[Date Prev][Date Next][Thread Prev][Thread Next][Date Index][Thread Index]

Re: Re[2]: [Full-disclosure] Update: [GSEC-TZO-44-2009] One bug to rule them all - Firefox, IE, Safari, Opera, Chrome, Seamonkey, iPhone, iPod, Wii, PS3....

On Tue, 21 Jul 2009, Michal Zalewski wrote:

> The code created an oversized list, which does not seem to be that far
> from creating an overly nested DOM tree, or drawing an oversized CANVAS
> shape, or any other creating-too-many-things-for-the-renderer-to-handle
> attacks... but really, I'm not trying to be dismissive, just saying that
> a more holistic approach might be more beneficial in the long run.

I agree here.

I strongly suspect that as we collectively try to figure out how to solve
resource-consumption issues for all kinds of software, we will quickly run
into lots of complexity that may well enter the realm of undecidable
problems, and/or whose only solutions would require the creation of an
application-level resource monitor (thus killing performance) or having
some kind of external control of resource allocation (whose solution is
generally just to kill the application, still resulting in a DoS).  I
think that last sentence parsed OK...

Web browsers are basically mini-operating systems (which others may have
said before).  Since they are very closely attached to their underlying
operating system, it's not a surprise that they are some of the first to
really get hit by these kinds of reports (anti-virus also comes to mind).
But if you think of the infinite number of algorithms you could write in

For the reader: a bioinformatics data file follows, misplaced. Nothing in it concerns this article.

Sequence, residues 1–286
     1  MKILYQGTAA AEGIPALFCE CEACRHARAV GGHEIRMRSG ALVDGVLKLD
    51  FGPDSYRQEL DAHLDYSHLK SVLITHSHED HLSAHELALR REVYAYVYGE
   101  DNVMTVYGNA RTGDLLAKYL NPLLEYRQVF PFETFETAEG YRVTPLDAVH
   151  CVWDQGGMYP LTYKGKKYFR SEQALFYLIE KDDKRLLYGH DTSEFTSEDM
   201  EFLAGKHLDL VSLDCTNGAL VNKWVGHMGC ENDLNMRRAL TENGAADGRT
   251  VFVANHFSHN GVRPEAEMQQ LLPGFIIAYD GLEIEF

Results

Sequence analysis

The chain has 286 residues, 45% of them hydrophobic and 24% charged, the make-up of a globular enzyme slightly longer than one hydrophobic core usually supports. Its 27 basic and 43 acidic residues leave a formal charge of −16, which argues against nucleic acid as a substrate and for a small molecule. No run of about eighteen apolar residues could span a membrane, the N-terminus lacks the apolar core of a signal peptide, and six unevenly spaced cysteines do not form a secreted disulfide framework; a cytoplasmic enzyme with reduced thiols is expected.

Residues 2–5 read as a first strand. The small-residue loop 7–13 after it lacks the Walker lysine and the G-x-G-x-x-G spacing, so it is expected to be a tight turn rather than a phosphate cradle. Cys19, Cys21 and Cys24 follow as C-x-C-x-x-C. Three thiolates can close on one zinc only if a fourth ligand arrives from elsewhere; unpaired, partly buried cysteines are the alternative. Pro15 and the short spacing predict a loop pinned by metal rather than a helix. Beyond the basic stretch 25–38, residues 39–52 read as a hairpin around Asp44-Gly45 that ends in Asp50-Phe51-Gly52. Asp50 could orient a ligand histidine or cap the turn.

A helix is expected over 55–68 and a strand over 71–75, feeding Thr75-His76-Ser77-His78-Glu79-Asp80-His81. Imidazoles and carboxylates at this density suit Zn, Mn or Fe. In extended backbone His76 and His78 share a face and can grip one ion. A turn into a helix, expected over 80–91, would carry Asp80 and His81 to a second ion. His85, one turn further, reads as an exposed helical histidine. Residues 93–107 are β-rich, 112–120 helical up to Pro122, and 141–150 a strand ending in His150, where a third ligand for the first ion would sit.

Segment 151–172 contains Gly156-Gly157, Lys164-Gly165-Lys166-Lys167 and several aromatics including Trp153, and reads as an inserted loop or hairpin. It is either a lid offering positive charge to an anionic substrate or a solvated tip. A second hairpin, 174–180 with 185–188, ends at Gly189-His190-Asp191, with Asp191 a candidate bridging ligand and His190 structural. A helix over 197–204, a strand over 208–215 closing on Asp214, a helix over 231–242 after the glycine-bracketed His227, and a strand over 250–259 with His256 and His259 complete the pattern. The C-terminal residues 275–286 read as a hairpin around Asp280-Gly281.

Javascript, then it becomes a recipe for the death of a thousand cuts.

If you try to load the full XML downloads from cve.mitre.org into your
browser, good luck with that - you get CPU and memory consumption very
quickly (last time I checked).  But is that a vulnerability per se?  It
almost becomes a "laws-of-physics" vulnerability - if you send too much
data to an underpowered system with a small pipe, then a DoS is going to
occur because you can't violate the laws of physics.  If you enforce some
resource restrictions, then you wind up with an incomplete rendering of
data (incorrect behavior) at least.

In this particular case there's very little effort that the attacker needs
to make compared to the amount of CPU/memory that is produced, so the
attack-to-benefit workload is asymmetric and it seems reasonable to call
this a problem.  At some point a line needs to be drawn, though I don't
know where that line is.  I agree with Michal that a holistic approach
could save a lot of people a lot of pain.

- Steve

P.S. For those who are interested, some focused discussion on the topic
starts at http://attrition.org/pipermail/vim/2006-January/000461.html